“Finding a unique niche, technology or purpose is challenging. But, to avoid slipping into mattress purgatory, retailers and manufacturers can work to stand for something, be bold in their approach to the market, define who they are and find ways to not be like everyone else.”

The sleep.com website helps Mattress Firm’s shoppers “Unjunk Their Sleep.”

Three Things (Fit For Print) That Excite Mark Quinn

Product Technology: “I am excited about how companies are integrating technology into mattresses and bases to prevent snoring, track biometrics and integrate advanced heating and cooling technologies. New product innovation drives growth and helps keep us front of mind with consumers. The problem is that we need more creative thinkers in our industry.”

Data Intelligence: “Mattress Firm’s strategic partnership with SleepScore Labs allows us to equip our highly-trained Sleep Experts™ with SleepScore’s data and technology to help customers get the best night’s sleep possible,” said Quinn. “If a salesperson asks a shopper to try a pillow and it feels great, that’s one way to sell. Another way is to let them know what we’ve learned from our in-depth pillow fitting study which found that on average, participants slept 8.1 hours more per week when they were fitted for a pillow, compared to using their original pillow.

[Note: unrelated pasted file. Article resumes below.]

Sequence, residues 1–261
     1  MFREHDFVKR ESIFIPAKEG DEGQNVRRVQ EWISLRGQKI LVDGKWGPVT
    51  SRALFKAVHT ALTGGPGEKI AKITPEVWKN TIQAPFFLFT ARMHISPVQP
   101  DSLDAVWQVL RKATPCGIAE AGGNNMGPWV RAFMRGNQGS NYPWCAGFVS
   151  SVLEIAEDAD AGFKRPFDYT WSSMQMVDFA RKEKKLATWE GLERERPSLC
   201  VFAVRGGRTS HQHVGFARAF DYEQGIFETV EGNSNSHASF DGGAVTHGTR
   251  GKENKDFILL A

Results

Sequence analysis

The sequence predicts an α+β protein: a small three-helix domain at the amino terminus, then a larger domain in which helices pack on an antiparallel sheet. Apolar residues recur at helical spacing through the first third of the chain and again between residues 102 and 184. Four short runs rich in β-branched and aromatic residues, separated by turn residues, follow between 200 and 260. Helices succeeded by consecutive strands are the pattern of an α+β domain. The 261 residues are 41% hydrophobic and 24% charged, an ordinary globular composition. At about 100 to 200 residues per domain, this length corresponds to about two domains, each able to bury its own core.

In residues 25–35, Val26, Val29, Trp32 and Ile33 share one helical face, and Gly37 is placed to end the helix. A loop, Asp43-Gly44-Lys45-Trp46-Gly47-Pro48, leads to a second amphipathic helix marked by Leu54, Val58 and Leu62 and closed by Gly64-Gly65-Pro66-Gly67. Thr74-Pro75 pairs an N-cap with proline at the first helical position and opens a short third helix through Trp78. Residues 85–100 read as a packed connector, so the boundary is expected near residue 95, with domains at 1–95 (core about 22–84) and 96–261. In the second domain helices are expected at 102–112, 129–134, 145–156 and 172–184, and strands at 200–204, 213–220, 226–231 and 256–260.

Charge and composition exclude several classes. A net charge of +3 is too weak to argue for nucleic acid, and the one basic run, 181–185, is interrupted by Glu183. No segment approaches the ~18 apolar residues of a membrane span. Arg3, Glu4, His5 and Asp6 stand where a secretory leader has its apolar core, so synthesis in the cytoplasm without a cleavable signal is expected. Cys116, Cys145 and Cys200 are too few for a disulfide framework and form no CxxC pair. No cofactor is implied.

“It’s an example of using technology to give consumers a better understanding of how products outperform. It’s also part of Mattress Firm’s commitment to educating customers during the shopping phase of their purchase journey, satisfying their curiosity and interest.”

Credibility: Quinn observed that retailers need to be credible if they want their customers to feel comfortable accepting sleep and wellness advice from their salespeople. “Customers can tell within five minutes if a salesperson is just there to sell them a mattress. But when the purpose is to help solve a problem, human-to-human, they understand that focus pretty quickly as well.